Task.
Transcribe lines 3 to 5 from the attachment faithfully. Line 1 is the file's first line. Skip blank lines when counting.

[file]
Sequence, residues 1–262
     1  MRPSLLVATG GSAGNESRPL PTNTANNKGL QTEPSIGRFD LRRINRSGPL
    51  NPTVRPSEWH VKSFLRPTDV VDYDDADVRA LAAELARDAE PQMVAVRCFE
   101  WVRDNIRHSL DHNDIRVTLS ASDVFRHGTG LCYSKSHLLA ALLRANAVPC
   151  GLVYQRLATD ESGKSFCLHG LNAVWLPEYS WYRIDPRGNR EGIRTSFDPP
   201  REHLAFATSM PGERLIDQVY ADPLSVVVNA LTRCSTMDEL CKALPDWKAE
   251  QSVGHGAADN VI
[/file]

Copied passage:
    51  NPTVRPSEWH VKSFLRPTDV VDYDDADVRA LAAELARDAE PQMVAVRCFE
   101  WVRDNIRHSL DHNDIRVTLS ASDVFRHGTG LCYSKSHLLA ALLRANAVPC
   151  GLVYQRLATD ESGKSFCLHG LNAVWLPEYS WYRIDPRGNR EGIRTSFDPP